Here’s a headline that’ll send shockwaves through Central America: Anti-corruption advocate Bernardo Arévalo has officially become the President-elect of Guatemala! His victory is more than just an electoral win—it’s a powerful stand against a history of political corruption and U.S.-backed regime changes in the country.
Guatemalans, tired of the institutional erosion and skyrocketing poverty and inequality, cast their vote overwhelmingly in favor of Arévalo over his rival, Sandra Torres. And this isn’t just any victory. It harkens back to the progressive leadership vibes of Jacobo Árbenz, who faced a U.S.-orchestrated coup back in 1954. Fun fact? Arévalo’s lineage is steeped in democratic advocacy—his father, Juan José, played a monumental role during the ‘Guatemalan Spring,’ a beacon of democracy in 1944.
Now, the real question looming over this monumental election: Will Arévalo actually get to assume office come January 2024?
Here’s where things get spicy. Leading up to the election, authorities had already played their hand by blocking some noteworthy candidates from the ballot—Thelma Cabrera, a prominent Indigenous leader, being one of them.
In his triumphant speech post-victory, Arévalo addressed the elephant in the room—the possibility of Guatemala’s political bigwigs attempting to block him from taking the presidency. He stressed the resilience of the Guatemalan people, emphasizing, “The Guatemalan people have spoken forcefully.”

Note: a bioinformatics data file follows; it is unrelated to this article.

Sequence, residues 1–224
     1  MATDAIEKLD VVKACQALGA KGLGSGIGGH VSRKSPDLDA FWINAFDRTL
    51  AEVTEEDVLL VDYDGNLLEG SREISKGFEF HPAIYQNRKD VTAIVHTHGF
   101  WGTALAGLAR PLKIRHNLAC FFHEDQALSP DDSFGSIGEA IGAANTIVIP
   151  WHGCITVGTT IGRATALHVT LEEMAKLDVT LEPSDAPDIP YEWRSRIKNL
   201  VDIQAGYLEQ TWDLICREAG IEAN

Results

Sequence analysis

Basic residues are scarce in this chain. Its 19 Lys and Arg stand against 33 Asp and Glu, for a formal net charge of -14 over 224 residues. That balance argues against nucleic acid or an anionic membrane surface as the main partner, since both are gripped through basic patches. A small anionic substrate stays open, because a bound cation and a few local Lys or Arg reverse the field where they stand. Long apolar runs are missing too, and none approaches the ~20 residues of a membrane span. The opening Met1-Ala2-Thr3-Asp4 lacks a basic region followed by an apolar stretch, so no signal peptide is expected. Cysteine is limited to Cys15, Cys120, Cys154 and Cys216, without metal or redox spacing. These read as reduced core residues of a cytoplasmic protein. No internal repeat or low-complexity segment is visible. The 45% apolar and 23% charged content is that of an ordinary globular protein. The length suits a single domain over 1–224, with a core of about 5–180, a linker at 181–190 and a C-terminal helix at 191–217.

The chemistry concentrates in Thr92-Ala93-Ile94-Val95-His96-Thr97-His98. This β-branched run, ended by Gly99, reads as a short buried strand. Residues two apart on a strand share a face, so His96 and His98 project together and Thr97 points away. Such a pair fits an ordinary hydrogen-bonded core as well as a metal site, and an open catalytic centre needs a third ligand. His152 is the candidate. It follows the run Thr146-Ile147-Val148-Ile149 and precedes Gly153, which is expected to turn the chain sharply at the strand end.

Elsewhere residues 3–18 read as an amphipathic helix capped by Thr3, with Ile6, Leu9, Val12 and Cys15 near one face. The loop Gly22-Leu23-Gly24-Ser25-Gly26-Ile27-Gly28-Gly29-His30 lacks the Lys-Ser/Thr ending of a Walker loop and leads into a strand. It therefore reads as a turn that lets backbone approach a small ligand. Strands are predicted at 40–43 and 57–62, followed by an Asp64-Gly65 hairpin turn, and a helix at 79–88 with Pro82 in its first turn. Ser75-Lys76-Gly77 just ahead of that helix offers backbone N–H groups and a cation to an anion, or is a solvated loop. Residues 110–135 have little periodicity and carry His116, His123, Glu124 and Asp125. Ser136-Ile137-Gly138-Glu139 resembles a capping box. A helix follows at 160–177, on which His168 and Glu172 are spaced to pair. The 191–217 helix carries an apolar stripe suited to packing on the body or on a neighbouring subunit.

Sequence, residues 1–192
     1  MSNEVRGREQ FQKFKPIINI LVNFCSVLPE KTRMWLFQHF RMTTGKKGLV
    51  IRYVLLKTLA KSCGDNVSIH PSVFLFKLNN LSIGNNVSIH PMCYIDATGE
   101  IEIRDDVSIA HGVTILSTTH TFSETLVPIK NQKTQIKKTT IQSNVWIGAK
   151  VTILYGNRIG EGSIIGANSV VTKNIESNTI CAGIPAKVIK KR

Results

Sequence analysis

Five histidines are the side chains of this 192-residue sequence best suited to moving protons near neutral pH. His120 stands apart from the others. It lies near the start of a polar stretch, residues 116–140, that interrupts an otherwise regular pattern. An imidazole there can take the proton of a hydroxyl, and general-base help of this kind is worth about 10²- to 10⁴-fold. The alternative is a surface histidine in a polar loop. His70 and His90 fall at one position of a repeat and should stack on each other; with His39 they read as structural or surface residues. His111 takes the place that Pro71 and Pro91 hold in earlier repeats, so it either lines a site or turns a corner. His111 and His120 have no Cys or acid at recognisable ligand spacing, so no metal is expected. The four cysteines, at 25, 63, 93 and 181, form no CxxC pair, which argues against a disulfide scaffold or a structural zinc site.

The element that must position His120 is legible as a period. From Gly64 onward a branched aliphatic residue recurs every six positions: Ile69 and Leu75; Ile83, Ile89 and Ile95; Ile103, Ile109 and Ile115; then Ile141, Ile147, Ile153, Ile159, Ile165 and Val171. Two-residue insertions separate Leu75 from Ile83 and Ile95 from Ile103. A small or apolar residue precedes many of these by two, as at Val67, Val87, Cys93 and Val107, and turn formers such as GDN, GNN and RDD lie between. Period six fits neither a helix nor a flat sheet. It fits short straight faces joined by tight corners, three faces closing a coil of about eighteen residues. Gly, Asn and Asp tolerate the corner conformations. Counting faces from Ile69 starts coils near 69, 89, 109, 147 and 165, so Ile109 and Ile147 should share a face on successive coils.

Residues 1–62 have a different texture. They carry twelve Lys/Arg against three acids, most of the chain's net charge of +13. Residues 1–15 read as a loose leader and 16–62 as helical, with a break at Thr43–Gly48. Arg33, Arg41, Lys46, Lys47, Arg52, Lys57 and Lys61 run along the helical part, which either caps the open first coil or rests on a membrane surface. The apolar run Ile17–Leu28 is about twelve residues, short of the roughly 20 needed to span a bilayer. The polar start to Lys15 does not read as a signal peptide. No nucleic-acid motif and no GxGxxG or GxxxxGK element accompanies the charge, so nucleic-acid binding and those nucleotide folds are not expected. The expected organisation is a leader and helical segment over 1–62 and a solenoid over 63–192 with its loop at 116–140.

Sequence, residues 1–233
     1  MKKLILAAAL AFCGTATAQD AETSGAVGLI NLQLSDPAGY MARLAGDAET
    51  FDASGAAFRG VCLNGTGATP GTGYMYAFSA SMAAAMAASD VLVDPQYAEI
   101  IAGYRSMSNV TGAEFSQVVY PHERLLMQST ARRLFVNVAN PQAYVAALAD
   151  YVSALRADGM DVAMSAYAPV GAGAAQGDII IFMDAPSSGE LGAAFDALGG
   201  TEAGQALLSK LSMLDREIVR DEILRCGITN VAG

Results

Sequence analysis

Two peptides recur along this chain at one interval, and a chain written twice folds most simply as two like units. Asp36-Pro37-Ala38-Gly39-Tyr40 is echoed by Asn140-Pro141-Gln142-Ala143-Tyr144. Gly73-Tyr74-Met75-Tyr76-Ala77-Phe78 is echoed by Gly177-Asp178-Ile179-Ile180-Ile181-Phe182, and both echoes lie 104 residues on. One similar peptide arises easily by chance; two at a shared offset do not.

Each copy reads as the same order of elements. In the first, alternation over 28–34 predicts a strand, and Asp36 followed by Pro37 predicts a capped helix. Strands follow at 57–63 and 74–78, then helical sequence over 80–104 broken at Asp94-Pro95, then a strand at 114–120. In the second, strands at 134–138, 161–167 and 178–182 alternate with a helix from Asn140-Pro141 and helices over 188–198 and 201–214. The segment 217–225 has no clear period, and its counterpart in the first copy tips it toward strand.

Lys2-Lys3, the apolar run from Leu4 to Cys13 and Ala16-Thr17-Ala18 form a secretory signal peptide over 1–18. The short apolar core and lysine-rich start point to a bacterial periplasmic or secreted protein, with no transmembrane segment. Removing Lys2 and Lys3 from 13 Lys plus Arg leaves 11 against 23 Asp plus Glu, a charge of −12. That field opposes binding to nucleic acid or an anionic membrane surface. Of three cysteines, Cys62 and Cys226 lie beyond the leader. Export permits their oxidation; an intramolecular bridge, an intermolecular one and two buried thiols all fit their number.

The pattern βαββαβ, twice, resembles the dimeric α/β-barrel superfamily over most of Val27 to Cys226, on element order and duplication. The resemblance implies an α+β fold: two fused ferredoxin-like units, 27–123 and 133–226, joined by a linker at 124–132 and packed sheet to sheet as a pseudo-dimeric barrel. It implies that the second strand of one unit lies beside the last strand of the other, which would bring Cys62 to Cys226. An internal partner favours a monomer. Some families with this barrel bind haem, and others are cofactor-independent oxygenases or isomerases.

Though Arévalo managed to shock everyone with his stunning performance in the primary round, his journey has not been without hurdles. Cue Rafael Curruchiche, a prosecutor with his own corruption accusations, who attempted to suspend Arévalo’s party by claiming foul play with campaign signatures. Thankfully, the Supreme Electoral Tribunal came through, dismissing Curruchiche’s claims.
Yet, Arévalo’s journey to the presidency is far from smooth sailing. Allan Nairn, an American journalist who’s kept an eye on Guatemalan politics for decades, warned of Guatemala’s conservative elites who might pull all stops to prevent Arévalo from assuming office. It’s more than just winning the vote—it’s about winning big and rallying thousands to stand up for democracy.
To the millennials and progressives out there, take note! The winds of change are blowing through Central America, and it’s stories like these that reignite our faith in the power of democracy and the collective voice. Let’s keep our eyes on Guatemala and stand in solidarity with its people’s fight for a fair and transparent political future!